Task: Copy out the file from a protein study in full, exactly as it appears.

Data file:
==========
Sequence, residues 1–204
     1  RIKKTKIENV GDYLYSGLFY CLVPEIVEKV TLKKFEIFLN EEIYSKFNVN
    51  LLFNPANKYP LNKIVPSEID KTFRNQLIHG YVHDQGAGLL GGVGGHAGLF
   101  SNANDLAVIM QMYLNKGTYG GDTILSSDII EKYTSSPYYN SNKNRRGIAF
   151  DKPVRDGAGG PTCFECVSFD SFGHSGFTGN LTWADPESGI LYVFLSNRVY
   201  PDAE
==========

Sequence, residues 1–204
     1  RIKKTKIENV GDYLYSGLFY CLVPEIVEKV TLKKFEIFLN EEIYSKFNVN
    51  LLFNPANKYP LNKIVPSEID KTFRNQLIHG YVHDQGAGLL GGVGGHAGLF
   101  SNANDLAVIM QMYLNKGTYG GDTILSSDII EKYTSSPYYN SNKNRRGIAF
   151  DKPVRDGAGG PTCFECVSFD SFGHSGFTGN LTWADPESGI LYVFLSNRVY
   201  PDAE